The evolution of the horse from a tiny, four-toed animal, perhaps no more than one foot tall, to the variety of equines in existence today, is one of the wonders of nature. During that process of change, the horse evolved over many thousands of years from an animal that predators hunted for food to an animal that became a servant and friend for mankind.

Today’s horses are designed to do one of two things–pull a load with their shoulders or carry riders on their backs. The type of horses utilized for these respective tasks varies a good deal; one is large and ponderous and the other is lighter-boned with less muscle mass. Even within these two types, there are significant differences. For example, the conformation of a roping or cutting horse is different from that of the American Saddlebred. Yet there is a basic sameness to anatomy.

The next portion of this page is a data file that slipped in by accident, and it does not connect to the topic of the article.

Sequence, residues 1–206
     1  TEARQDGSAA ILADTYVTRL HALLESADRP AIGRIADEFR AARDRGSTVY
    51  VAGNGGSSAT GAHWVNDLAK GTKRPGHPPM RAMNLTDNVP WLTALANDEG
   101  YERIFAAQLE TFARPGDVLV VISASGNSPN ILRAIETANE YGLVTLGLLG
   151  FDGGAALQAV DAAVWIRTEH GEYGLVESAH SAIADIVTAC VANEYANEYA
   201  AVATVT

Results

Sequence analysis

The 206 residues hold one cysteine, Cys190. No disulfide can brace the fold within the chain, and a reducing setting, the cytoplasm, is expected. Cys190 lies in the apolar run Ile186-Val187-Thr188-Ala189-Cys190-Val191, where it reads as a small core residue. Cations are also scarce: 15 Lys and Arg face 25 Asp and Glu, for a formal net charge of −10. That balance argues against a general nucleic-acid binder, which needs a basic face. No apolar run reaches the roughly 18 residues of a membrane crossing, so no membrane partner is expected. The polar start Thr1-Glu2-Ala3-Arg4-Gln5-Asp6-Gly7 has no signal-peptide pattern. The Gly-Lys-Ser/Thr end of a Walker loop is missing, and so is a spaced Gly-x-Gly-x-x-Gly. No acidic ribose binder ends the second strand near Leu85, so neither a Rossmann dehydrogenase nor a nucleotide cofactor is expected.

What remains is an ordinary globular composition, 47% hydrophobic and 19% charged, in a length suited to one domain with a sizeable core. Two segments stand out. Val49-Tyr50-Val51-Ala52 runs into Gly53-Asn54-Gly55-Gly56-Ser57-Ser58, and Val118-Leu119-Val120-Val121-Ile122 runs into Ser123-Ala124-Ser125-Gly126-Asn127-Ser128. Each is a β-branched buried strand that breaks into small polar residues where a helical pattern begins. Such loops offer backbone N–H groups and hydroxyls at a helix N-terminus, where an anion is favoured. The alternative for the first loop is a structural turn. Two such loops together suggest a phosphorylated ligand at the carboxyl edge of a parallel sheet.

In this opening article of our 12-part series on equine anatomy and physiology, we will attempt to paint a picture of how today’s horse is constructed and what this means in the realm of form to function. We will not be quoting a lot of sources, for the most part, because the information to be presented is an amalgamation of what has been recorded in thousands of scientific papers, textbooks, and manuals as knowledge has been gained and disseminated through the years. However, we would be remiss in not calling attention to two valuable sources upon which we shall draw heavily. Both are written at the layman level. They are Horses and Horsemanship by the late M.E. Ensminger, BS, MA, PhD, and The Coloring Atlas of Horse Anatomy by Robert A. Kainer, DVM, MS, and Thomas O. McCracken, MS, both of whom were at Colorado State University.